Kootenai River in NW Montana, near Canadian Border

Kootenai River in NW Montana, near Canadian Border
photo by Gene Tunick of Eureka, Montana

Tuesday, January 17, 2012

Tip O'Day #269 - Traditional Publishing

Guest blogger Jonnie Comet (from a Q&A pamphlet prepared when his novel Deirdre, the Wanderer was being marketed).

The current model of publishing, espoused by all the major publishers, retailers and, unfortunately, most authors is to have an expensive, premier agent in Manhattan approve your book, send it to a large, famous and well-established publisher as well as to his friends at the New York Times, have Ingrams distribute it to Barnes and Noble, and then sit back and wait for the Today show to schedule your TV interviews and the filmmakers to call. Though a precious few do find success this way, what I call the ‘B&N model’ is inherently flawed in numerous ways.

Conspicuously, it gives voice to only a very elite few. If the agent has never heard of you, he will regard your voice as unimportant to the market and unlikely to earn him any money, since if you were any good he would have heard of you. Notice that, besides being circular logic, this attitude cements the agent(s) as the chief arbiter between what gets said by whom to whom, the gatekeeper of free speech in a free market.

And just because something is not out in the market now doesn’t mean it wouldn’t do well in the market if some industrious marketer got off his bottom and set to work. To me, the very fact that it’s not there suggests an opportunity. A marketer should want to be the first and only one to discover new talent and to reap the benefits. But to the average publisher or agent, the fact that it’s not there, for whatever reason, suggests that it has no right to be. He’d rather take an easy 15% from a sure thing.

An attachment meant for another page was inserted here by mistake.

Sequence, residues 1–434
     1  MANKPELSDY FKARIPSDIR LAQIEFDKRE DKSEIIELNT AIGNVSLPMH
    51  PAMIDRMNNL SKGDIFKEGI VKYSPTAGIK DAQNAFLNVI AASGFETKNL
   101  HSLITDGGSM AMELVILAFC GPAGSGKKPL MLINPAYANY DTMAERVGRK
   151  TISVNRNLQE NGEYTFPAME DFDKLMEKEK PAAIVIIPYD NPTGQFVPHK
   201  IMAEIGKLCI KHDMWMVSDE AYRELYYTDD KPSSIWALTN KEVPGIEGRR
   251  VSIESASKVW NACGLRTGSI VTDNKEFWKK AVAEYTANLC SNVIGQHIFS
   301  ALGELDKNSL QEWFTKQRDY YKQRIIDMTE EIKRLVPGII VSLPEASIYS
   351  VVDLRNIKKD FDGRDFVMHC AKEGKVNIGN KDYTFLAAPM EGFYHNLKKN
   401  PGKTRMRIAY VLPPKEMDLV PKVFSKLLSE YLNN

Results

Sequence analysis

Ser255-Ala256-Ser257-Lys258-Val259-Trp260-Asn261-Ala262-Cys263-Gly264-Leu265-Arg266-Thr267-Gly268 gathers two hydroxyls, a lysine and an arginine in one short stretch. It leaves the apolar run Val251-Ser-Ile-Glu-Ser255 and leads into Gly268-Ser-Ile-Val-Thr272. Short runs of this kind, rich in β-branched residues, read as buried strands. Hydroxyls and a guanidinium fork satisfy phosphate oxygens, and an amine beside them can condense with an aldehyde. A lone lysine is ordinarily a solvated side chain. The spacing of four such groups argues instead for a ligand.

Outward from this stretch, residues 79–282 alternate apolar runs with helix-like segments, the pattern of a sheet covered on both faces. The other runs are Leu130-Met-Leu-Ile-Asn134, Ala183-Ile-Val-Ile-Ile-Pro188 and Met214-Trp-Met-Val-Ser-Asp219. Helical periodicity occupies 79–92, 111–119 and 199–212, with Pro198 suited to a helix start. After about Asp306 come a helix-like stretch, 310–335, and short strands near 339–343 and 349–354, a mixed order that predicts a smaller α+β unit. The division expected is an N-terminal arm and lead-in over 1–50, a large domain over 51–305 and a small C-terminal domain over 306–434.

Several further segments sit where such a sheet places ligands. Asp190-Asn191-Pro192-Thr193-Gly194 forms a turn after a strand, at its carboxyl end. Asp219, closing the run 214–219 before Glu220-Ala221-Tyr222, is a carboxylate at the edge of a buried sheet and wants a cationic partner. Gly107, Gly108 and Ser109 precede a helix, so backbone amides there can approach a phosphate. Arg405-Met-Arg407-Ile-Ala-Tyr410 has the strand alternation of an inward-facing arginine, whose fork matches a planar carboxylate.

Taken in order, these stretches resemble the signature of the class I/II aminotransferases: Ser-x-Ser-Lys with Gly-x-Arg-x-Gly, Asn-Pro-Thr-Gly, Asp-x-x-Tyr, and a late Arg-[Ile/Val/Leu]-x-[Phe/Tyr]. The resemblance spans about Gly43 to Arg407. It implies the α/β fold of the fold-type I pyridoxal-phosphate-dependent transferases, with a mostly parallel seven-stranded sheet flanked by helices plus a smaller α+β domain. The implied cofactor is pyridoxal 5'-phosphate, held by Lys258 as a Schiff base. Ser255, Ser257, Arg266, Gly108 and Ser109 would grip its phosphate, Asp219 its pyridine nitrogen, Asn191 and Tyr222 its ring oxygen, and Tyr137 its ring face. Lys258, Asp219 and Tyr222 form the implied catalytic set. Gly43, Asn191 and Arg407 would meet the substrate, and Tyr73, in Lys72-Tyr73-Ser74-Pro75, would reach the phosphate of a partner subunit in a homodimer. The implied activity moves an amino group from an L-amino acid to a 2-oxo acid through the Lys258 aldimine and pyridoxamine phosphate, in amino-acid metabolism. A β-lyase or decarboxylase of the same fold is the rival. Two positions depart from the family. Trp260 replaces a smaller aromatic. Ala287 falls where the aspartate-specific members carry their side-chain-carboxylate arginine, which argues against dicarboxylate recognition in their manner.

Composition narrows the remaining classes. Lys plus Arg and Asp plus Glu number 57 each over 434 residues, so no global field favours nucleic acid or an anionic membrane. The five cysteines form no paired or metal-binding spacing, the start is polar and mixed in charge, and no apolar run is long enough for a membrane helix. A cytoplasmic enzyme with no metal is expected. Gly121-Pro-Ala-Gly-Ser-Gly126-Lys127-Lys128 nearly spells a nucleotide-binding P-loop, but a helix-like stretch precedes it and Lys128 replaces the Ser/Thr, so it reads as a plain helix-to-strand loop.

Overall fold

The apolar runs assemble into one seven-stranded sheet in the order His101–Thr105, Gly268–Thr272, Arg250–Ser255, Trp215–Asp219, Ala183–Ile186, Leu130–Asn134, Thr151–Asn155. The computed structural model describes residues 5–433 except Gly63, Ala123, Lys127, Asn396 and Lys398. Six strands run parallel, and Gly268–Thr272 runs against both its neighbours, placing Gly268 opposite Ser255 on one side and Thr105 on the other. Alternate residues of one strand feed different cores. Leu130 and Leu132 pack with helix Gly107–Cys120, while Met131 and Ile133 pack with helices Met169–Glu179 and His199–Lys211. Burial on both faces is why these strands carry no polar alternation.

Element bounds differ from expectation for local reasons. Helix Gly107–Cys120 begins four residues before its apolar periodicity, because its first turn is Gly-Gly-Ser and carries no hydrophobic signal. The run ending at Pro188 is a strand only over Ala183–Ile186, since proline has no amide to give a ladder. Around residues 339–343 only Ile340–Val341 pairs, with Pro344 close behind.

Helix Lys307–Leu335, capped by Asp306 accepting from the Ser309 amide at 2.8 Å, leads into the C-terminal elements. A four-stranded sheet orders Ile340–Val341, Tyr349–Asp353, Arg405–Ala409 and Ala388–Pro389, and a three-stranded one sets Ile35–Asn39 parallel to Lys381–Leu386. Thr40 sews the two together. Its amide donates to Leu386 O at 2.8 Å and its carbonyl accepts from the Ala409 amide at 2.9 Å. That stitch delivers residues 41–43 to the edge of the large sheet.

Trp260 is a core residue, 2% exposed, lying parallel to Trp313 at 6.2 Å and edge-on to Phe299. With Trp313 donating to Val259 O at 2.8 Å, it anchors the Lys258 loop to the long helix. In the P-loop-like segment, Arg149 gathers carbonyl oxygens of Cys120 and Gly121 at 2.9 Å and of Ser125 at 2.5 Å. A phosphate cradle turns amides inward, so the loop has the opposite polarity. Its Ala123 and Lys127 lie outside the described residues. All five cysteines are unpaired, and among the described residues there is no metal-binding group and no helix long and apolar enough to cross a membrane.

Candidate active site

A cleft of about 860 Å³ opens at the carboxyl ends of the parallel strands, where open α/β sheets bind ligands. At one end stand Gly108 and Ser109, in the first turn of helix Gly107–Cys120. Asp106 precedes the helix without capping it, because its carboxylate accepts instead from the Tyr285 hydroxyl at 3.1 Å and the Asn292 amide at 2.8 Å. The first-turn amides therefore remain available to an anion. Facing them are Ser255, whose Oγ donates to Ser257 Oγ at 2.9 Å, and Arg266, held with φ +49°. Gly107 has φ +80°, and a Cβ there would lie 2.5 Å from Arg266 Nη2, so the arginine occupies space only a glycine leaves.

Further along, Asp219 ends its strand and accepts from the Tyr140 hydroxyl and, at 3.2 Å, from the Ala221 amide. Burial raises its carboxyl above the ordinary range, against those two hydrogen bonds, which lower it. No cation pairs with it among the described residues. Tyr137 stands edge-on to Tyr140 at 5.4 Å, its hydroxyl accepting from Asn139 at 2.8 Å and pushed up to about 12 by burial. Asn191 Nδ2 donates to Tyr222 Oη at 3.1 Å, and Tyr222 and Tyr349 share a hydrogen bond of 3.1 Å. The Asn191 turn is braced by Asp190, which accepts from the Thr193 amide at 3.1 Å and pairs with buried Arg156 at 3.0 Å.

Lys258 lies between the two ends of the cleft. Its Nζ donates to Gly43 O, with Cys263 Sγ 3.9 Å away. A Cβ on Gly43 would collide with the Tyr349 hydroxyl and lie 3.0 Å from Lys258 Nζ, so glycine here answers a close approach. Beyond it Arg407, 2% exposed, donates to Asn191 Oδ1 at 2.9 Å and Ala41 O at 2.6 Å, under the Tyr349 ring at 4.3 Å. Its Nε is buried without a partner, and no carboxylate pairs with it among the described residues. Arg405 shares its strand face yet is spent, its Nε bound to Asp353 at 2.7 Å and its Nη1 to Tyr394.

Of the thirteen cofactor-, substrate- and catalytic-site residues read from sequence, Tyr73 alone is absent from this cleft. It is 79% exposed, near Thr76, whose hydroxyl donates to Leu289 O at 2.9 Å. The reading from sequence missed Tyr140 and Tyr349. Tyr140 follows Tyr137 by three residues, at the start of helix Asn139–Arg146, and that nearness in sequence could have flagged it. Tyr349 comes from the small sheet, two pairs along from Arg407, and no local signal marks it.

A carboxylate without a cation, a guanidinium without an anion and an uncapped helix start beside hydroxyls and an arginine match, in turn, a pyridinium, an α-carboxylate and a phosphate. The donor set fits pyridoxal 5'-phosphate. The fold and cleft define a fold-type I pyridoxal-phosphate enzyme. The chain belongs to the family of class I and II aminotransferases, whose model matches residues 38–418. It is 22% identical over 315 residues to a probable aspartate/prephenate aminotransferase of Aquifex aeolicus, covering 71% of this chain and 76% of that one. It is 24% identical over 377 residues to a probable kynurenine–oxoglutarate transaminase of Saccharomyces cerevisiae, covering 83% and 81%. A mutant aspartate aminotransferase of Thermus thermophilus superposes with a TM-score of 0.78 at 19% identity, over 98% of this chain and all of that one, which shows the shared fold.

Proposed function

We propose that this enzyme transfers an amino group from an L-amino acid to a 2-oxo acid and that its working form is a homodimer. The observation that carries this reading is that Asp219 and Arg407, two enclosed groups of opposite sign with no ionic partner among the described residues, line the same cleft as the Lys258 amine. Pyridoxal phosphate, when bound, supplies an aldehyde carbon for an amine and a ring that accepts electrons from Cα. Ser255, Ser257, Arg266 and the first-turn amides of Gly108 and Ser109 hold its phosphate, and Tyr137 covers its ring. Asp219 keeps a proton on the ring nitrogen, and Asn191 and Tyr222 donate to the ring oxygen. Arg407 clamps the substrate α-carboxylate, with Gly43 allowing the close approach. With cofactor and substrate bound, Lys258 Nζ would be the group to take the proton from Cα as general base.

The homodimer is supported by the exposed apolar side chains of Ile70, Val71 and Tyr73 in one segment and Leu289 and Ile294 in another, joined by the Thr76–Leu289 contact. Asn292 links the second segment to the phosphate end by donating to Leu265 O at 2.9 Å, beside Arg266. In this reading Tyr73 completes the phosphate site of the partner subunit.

This model of publishing has existed since at least the 1920s and remains the default which many people think is the only sensible way to publish and market books. It’s flawed ethically and economically. I’ve tried for years to figure out why it persists; and I can only imagine that it’s centred in ego or establishmentism, something more having to do with the personalities in question than with logic, common sense or marketing savvy.

You can learn more about this author at Jonnie’s blog.


  1. Sadly this is still the model, but it is changing...slowly. I totally agree that publishers, even the small publishing houses, need to get busy and promote their authors. There are many great books out there that are not published by a major house and therefore languish on the shelves or internet.

    Sofia Diana Gabel, Author

  2. I would like to know who decides the rules and regulations for the publishers or agents. There are some that would like to blame the rules on why they can not accept your work even though they think you have a brilliant talent.